22. Lisa Cameron, 1995. "Raising the Stakes in the Ultimatum Game: Experimental Evidence From Indonesia," Working Papers 724, Princeton University, Department of Economics, Industrial Relations Section..
  23. Amos Tversky & Daniel Kahneman, 1991. "Loss Aversion in Riskless Choice: A Reference-Dependent Model," The Quarterly Journal of Economics, Oxford University Press, vol. 106(4), pages 1039-1061.
  24. W. Güth & N. Marchand & J.-L. Rulliere, 1997. "On the reliability of reprocal fairness -An experimental study-," SFB 373 Discussion Papers 1997,80, Humboldt University of Berlin, Interdisciplinary Research Project 373: Quantification and Simulation of Economic Processes.
  25. Ernst Fehr & Georg Kirchsteiger & Arno Riedl, 1993. "Does Fairness Prevent Market Clearing? An Experimental Investigation," The Quarterly Journal of Economics, Oxford University Press, vol. 108(2), pages 437-459.
  26. James Andreoni, 1997. "Warm-glow versus cold-prickle: the effect of positive and negative framing on cooperation in experiments," Levine's Working Paper Archive 671, David K. Levine.
  27. Hoffman, Elizabeth & McCabe, Kevin A & Smith, Vernon L, 1996. "On Expectations and the Monetary Stakes in Ultimatum Games," International Journal of Game Theory, Springer;Game Theory Society, vol. 25(3), pages 289-301.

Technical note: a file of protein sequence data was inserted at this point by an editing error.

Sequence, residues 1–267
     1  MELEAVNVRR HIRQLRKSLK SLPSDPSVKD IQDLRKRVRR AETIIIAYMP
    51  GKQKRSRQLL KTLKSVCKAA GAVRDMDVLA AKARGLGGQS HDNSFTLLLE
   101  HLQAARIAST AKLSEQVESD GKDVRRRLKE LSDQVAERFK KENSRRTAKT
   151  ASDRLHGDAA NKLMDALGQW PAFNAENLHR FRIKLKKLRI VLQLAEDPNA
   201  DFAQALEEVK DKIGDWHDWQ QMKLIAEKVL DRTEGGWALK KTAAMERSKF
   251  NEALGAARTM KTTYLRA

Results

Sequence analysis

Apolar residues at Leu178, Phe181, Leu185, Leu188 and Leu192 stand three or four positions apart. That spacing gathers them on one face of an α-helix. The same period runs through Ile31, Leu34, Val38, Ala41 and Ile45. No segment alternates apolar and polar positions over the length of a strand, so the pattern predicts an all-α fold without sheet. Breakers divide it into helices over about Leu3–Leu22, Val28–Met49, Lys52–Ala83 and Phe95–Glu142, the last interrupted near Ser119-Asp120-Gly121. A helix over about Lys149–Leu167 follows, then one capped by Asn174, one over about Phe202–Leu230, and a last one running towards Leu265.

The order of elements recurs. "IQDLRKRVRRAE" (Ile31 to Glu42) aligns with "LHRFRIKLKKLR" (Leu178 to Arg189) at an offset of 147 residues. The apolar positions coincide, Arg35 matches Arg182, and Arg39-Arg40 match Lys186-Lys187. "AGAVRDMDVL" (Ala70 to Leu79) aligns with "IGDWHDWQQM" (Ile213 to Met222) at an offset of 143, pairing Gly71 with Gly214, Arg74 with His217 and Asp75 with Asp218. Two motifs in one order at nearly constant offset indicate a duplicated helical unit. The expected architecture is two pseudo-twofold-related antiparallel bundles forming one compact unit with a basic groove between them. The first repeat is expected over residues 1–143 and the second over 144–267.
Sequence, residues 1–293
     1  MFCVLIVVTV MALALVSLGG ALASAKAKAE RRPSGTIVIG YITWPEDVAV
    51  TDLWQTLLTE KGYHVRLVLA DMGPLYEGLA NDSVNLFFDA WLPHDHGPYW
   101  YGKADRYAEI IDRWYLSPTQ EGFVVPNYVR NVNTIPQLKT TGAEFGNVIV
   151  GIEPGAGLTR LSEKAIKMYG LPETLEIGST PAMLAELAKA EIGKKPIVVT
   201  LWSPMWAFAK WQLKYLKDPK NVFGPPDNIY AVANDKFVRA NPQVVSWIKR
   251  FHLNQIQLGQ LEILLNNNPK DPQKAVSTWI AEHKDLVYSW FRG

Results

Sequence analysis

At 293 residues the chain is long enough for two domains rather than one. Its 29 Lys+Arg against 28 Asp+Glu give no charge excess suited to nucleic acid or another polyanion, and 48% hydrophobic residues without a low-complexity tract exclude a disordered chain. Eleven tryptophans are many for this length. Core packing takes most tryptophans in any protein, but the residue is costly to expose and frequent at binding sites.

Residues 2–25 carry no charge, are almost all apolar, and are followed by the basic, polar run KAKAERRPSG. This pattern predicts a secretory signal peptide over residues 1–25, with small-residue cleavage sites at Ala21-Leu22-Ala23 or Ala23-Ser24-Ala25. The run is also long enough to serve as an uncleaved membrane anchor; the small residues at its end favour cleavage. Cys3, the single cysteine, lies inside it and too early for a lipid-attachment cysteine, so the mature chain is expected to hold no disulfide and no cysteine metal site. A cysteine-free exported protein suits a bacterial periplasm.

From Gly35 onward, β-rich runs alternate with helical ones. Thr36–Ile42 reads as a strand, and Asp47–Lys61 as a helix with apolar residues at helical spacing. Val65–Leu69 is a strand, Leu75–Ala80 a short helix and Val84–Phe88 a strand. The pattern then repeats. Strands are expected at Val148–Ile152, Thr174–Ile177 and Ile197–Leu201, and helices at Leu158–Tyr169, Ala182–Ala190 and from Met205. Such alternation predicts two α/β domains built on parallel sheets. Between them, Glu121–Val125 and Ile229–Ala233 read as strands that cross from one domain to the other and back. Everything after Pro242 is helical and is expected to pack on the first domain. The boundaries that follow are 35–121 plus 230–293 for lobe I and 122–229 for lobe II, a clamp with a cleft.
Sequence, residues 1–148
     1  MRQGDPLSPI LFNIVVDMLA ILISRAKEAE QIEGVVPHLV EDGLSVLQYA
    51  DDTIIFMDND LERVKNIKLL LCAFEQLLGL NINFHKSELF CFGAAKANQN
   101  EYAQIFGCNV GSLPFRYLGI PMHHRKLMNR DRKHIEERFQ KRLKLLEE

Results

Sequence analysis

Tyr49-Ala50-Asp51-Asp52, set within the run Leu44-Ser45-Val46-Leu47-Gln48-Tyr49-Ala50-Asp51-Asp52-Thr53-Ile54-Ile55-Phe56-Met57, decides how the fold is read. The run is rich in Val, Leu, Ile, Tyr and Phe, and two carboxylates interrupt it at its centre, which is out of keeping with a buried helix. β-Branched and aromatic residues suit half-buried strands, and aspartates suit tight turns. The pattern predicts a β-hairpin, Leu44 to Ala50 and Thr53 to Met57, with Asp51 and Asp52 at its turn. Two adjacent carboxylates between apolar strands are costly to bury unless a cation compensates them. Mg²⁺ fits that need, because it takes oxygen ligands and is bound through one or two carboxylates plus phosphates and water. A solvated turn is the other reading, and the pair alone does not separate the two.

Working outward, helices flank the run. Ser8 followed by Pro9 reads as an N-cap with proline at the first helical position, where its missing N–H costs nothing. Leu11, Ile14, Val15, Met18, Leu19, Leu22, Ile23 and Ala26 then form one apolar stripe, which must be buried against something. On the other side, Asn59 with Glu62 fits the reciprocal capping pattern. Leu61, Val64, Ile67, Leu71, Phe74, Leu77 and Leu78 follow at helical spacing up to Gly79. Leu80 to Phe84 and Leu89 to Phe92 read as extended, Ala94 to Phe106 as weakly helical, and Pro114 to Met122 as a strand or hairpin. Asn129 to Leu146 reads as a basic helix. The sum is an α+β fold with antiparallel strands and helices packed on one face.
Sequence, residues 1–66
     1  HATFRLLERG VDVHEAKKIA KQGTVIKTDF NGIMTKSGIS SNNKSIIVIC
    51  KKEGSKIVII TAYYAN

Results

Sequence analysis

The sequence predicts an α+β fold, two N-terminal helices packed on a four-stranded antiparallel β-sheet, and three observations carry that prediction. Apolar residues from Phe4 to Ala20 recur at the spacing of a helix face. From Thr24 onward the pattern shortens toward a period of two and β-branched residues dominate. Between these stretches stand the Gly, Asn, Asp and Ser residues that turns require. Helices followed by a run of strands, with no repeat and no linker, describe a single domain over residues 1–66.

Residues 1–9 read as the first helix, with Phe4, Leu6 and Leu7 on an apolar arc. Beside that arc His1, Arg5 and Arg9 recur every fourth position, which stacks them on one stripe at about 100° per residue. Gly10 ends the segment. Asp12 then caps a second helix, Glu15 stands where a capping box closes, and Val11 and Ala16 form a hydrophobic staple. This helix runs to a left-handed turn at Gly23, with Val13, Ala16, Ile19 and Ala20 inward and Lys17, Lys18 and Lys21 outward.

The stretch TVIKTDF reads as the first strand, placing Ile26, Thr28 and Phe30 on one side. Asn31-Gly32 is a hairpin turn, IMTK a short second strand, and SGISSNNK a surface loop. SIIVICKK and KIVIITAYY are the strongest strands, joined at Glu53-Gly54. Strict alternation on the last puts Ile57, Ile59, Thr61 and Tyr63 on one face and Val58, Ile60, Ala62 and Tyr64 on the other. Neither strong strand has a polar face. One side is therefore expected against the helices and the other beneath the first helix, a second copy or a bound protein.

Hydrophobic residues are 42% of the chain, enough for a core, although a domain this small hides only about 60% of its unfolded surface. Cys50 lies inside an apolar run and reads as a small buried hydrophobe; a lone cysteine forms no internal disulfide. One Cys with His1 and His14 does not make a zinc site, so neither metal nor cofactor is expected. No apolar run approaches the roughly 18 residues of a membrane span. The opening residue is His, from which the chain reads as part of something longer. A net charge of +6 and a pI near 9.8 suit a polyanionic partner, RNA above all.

28. Berg Joyce & Dickhaut John & McCabe Kevin, 1995. "Trust, Reciprocity, and Social History," Games and Economic Behavior, Elsevier, vol. 10(1), pages 122-142, July.
Full references (including those not matched with items on IDEAS)

This item is not listed on Wikipedia, on a reading list or among the top items on IDEAS.

When requesting a correction, please mention this item's handle: RePEc:lmu:muench:20658. See general information about how to correct material in RePEc.

For technical questions regarding this item, or to correct its authors, title, abstract, bibliographic or download information, contact: (Tamilla Benkelberg)

If you have authored this item and are not yet registered with RePEc, we encourage you to do it here. This allows to link your profile to this item. It also allows you to accept potential citations to this item that we are uncertain about.

If references are entirely missing, you can add them using this form.

If the full references list an item that is present in RePEc, but the system did not link to it, you can help with this form.

If you know of missing items citing this one, you can help us creating those links by adding the relevant references in the same way as above, for each refering item. If you are a registered author of this item, you may also want to check the "citations" tab in your profile, as there may be some citations waiting for confirmation.

Please note that corrections may take a couple of weeks to filter through the various RePEc services.

This information is provided to you by IDEAS at the Research Division of the Federal Reserve Bank of St. Louis using RePEc data.